Taking practice SAT, ACT, or PSAT tests will help you determine your “baseline” score, and how far you need to go to reach your target score. Practice tests may also help you identify the areas of the test in which you are the strongest and weakest. It’s important to take an official practice test offered by the ACT or College Board (which administers the SAT and PSAT), because they are more likely to simulate questions you’ll see on the actual tests.

However, taking a practice test and noting your score isn’t enough. Kaplan test prep (the official ACT test prep organization) recommends that you go through every incorrect answer carefully to understand where you went wrong, familiarize yourself with the questions on the test, and analyze your results. You might find that you need to work on a certain type of question as opposed to an entire subject area.

If you're planning to take the SAT essay or ACT Writing Test, you will want to review the practice essay prompts available online from the College Board and ACT websites.

3.  Create a Test Prep Schedule

Test prep companies and private tutors have different advice and strategies for the number of study hours required to achieve different target scores. Regardless of your goals, a study schedule is critical, especially during the summer months. Your schedule might consist of a few hours of study a couple of days a week, or an hour every morning on weekdays with longer periods of study on the weekends. It depends on your goals, the number of areas you need to practice, and the time you have available to study.

It’s a good idea to set up a calendar mapping out your study plan up until your scheduled test day. It’s also important to take practice tests throughout the summer to measure your progress and adjust your study time as needed.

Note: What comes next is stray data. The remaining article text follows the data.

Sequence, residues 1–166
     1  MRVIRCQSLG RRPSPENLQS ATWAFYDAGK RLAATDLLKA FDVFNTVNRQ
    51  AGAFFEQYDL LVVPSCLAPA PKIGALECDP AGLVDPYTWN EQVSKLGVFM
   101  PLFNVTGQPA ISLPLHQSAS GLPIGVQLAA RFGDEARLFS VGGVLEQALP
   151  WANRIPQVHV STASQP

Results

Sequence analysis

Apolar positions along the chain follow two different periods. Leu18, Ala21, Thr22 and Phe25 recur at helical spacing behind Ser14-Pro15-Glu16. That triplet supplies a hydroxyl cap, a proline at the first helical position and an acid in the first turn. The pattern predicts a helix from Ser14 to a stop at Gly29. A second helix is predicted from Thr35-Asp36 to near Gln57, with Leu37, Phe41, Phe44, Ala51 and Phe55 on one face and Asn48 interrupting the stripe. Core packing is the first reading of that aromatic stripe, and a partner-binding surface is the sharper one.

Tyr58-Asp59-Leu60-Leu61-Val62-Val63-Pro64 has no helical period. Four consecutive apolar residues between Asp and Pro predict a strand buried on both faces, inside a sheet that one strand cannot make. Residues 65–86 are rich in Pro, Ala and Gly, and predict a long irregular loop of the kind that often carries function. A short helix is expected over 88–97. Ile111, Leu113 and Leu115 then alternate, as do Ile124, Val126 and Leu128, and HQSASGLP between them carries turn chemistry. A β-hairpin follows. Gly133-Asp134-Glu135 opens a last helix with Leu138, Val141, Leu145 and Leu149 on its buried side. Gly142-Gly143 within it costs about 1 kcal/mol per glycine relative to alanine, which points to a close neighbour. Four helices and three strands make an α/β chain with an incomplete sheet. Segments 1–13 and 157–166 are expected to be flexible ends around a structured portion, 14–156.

Visit Kaplan’s website for a 3-month ACT test prep schedule or Khan Academy for a customized SAT test prep schedule based on your test date.

4. Mix it Up

Use a variety of test prep resources. You might purchase a test prep book, subscribe to an SAT or ACT question of the day, watch YouTube videos, or download an SAT or ACT test prep app on your phone.

A virtual tutor, paid virtual classes or an online study group are other ACT and SAT summer test prep options you might consider to add variety to your study routine. The ACT Academy and Khan Academy websites provide a variety of free SAT and ACT test prep options including videos, games and more.

While you might want to relax over the summer and not do any studying, getting a jump on SAT, ACT and/or PSAT prep during your summer vacation will reduce your workload when school begins in the fall -- and may help you achieve a better test score. Good luck!

What's Next?

Learn more about what's on the SAT. The SAT: What You Need to Know.

If you are a sophomore or junior, see 6 Reasons to Take the PSAT.

Get an overview of what to expect on the ACT. The ACT: What You Need to Know.

The information contained on the CollegeData website is for general informational purposes only and may not apply to you or your situation. You should not act or refrain from acting on the basis of any content contained on the CollegeData website without consulting with your parents, high school counselors, admissions representatives or other college counseling professionals. We disclaim all liability for actions you take or fail to take based on any content on the CollegeData website.